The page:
Baltimore County’s economic development director Marcus L. Wang announced his resignation to his staff Monday — after little more than three months on the job.
In a Nov. 6 morning email to Department of Economic and Workforce Development staffers, Wang, whose appointment was confirmed by the Baltimore County Council in July, said that, “with the the consent of the County Executive, I believe the time is now right for me to return to the private sector.”
Wang’s resignation is effective Nov. 17, according to the county press office.
“I joined County government to help this Department maximize its potential and set it on the right track to success,” Wang, who took the helm of the department July 31, wrote.
“On every front, our Department is stronger than it was three months ago, and it is entirely due to your dedication, your skill, and your passion.”
A county news release confirmed the announcement Monday afternoon. Wang is paid $203,700 in the role, according to county salary data.
“We appreciate Marcus’s energy and committed service” as department director, County Executive Johnny Olszewski Jr. said in a statement.
“We thank for him for those dedicated efforts and we wish him and his family well as he plans to return to the private sector.”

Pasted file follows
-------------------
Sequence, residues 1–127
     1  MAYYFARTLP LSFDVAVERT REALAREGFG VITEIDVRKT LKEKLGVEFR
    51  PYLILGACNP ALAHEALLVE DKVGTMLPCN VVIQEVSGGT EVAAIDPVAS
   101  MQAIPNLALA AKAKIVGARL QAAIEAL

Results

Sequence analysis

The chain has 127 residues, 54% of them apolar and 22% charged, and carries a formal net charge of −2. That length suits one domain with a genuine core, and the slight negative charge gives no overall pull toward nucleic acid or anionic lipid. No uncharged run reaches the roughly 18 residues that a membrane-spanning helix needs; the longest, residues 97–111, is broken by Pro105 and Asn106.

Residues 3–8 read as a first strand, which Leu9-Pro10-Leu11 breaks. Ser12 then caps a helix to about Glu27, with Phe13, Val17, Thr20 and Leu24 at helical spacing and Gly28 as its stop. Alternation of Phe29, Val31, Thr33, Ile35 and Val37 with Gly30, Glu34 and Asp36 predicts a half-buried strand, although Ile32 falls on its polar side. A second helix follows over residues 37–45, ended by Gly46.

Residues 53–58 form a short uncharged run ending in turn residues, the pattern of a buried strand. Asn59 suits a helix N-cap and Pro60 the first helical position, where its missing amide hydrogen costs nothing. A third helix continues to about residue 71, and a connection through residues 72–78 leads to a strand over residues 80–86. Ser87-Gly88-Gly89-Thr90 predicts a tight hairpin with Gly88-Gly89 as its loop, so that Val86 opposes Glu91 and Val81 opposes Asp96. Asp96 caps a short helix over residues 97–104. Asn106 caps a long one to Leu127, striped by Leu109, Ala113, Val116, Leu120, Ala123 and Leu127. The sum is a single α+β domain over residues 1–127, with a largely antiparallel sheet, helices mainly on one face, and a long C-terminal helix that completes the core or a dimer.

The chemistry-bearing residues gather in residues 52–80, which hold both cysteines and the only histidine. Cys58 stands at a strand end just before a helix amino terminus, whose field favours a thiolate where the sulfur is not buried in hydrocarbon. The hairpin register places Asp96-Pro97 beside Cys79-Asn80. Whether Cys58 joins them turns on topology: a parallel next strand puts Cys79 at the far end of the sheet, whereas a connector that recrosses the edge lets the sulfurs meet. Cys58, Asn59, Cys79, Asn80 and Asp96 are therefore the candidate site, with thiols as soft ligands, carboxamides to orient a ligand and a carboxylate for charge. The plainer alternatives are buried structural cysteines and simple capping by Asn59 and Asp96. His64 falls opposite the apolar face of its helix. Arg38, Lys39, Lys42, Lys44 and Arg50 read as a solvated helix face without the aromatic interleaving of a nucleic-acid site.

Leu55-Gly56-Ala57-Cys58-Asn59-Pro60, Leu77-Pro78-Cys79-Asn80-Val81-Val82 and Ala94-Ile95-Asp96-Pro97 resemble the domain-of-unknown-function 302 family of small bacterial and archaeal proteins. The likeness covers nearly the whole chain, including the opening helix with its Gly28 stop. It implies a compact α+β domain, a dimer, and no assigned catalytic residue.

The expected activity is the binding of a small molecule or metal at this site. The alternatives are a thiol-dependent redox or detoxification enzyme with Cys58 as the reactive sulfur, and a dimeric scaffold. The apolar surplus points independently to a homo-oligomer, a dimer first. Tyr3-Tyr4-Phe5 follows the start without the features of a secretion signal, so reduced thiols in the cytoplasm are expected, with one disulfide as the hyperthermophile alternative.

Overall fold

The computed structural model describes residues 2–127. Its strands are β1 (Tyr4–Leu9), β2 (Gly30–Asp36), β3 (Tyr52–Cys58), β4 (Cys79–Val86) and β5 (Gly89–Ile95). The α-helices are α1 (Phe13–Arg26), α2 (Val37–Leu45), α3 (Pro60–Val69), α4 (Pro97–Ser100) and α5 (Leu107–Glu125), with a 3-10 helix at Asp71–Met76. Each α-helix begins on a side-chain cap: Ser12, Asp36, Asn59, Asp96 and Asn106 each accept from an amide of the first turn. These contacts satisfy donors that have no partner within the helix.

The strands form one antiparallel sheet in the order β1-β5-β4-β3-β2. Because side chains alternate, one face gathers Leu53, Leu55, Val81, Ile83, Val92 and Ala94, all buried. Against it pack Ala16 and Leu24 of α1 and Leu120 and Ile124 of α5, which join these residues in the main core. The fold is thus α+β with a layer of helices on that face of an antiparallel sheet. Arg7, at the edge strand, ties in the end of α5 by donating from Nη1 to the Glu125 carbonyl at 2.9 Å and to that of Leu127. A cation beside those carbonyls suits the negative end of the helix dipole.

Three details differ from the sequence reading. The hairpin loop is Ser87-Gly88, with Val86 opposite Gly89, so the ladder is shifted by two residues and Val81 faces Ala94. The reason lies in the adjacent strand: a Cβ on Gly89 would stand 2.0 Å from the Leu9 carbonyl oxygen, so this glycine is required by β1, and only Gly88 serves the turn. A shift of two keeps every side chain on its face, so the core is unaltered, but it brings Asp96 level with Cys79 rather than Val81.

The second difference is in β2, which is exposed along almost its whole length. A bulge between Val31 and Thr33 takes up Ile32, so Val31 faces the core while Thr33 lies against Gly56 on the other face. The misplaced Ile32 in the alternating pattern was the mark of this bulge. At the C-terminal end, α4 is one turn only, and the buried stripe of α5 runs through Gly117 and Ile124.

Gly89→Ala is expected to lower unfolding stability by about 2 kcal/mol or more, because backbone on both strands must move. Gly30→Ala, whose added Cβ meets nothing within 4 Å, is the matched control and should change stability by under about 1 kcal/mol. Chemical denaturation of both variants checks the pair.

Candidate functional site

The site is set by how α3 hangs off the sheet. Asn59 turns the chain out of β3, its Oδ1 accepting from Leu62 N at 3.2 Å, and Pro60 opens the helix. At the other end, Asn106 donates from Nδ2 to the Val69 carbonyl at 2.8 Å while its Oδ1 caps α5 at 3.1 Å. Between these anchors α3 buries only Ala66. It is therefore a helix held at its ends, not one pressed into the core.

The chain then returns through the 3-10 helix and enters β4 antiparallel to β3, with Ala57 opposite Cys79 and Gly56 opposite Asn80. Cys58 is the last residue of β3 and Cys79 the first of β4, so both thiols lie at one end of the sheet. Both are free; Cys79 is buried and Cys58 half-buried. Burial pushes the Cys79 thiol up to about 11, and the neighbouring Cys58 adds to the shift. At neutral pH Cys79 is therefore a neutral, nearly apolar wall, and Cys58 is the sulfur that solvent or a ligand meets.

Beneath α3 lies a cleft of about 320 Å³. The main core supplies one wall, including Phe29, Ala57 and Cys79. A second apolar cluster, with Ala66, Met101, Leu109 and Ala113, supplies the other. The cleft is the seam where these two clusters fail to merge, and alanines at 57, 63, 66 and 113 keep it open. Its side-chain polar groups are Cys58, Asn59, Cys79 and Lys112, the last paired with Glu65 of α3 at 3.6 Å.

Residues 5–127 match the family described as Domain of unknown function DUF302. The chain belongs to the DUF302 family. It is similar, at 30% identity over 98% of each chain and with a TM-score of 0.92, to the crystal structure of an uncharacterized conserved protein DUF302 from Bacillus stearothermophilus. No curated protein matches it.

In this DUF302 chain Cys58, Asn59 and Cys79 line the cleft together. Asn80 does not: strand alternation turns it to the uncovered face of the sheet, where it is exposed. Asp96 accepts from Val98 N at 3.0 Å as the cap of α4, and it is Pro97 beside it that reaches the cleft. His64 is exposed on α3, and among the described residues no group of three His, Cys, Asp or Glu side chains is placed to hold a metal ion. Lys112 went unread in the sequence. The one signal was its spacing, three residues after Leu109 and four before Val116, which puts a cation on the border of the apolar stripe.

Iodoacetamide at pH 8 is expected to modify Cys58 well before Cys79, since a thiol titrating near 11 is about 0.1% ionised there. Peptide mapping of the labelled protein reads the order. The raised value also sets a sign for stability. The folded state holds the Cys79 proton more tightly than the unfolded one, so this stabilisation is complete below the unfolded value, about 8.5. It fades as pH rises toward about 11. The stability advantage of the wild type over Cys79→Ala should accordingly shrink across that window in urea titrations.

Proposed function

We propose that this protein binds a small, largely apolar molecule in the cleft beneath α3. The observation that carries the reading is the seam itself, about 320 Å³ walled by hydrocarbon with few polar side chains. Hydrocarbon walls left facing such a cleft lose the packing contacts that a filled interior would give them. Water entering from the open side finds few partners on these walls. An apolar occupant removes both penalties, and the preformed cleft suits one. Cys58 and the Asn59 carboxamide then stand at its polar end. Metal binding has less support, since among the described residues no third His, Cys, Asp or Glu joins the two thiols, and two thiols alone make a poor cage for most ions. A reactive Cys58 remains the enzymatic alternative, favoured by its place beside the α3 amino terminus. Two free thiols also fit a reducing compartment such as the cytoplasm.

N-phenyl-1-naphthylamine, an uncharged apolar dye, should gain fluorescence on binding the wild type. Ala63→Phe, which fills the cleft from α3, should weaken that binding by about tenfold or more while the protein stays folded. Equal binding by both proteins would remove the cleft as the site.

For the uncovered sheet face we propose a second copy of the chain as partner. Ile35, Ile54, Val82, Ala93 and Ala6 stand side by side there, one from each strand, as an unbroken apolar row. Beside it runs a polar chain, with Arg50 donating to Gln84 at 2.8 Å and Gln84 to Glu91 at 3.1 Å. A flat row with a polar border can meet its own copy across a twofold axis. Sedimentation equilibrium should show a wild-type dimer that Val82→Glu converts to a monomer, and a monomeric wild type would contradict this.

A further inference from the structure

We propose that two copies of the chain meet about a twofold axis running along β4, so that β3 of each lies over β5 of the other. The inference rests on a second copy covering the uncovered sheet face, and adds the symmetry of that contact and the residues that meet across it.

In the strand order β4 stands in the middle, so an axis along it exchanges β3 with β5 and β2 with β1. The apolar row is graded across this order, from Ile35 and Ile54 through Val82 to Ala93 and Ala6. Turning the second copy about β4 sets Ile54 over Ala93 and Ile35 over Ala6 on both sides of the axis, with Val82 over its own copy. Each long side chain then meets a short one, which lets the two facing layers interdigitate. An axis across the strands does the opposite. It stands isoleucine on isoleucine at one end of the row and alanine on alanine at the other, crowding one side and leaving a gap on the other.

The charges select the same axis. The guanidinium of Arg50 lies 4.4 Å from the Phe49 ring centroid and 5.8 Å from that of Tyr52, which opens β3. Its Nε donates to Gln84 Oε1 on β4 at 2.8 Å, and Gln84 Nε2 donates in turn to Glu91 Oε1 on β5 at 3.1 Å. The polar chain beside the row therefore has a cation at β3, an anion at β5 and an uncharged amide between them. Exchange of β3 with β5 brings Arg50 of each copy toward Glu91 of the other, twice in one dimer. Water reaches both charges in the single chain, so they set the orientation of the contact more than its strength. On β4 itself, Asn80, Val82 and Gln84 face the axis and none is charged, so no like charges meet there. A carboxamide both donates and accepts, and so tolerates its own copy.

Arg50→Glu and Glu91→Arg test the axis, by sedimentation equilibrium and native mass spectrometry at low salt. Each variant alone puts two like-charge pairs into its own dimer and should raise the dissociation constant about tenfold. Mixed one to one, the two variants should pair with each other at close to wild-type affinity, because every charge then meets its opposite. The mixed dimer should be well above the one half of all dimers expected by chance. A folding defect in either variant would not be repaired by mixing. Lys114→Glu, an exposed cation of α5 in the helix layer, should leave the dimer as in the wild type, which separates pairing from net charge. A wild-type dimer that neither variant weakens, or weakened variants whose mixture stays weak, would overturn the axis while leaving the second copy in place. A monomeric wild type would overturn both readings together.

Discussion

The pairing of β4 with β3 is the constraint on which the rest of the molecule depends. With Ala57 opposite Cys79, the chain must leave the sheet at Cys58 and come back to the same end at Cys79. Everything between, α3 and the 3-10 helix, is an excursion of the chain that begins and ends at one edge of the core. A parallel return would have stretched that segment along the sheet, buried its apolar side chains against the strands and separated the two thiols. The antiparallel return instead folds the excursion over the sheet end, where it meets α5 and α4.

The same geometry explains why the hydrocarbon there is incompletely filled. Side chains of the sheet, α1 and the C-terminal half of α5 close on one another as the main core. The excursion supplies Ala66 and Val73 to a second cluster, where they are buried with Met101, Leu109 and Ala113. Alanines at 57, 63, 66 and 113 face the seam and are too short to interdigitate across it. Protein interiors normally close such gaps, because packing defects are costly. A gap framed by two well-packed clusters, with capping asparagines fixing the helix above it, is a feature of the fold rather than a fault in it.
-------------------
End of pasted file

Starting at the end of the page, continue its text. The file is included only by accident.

County spokeswoman Erica Palmisano said late Monday afternoon that the county promoted Abigail Vitaliano to deputy director Sept. 29. Vitaliano “will be assuming day to day activities” as acting director after Wang departs, Palmisano said.
Vitaliano was previously a marketing specialist in the economic development department, according to a list of salaries provided by Baltimore County.
Olszewski’s economic department lacked a deputy director for more than two years, after its prior second-in-command, William “Chris” McCollum, resigned. In May, McCollum pleaded guilty to state prosecutor charges that he embezzled more than $140,000 from political committees on which he served as treasurer while he worked for county government; McCollum is serving a six-month sentence.
In May, the county hired real estate developer and Olszewski campaign donor John Vontran as a “sector strategy coordinator” and strategist in the economic department to be “the primary point of contact” for business owners and corporate executives to access “county and state programs and resources,” according to the county.
The county also announced that Office of Human Resources director Rhoda Benjamin has departed from her role and has been replaced with acting director Renee Coleman, who was the office’s deputy director. Benjamin was paid $210,717, according to county salary data.
The county says Olszewski will name candidates to fill both directors’ positions “in the coming weeks.”
This article has been updated to reflect the status of the county's economic development deputy director position.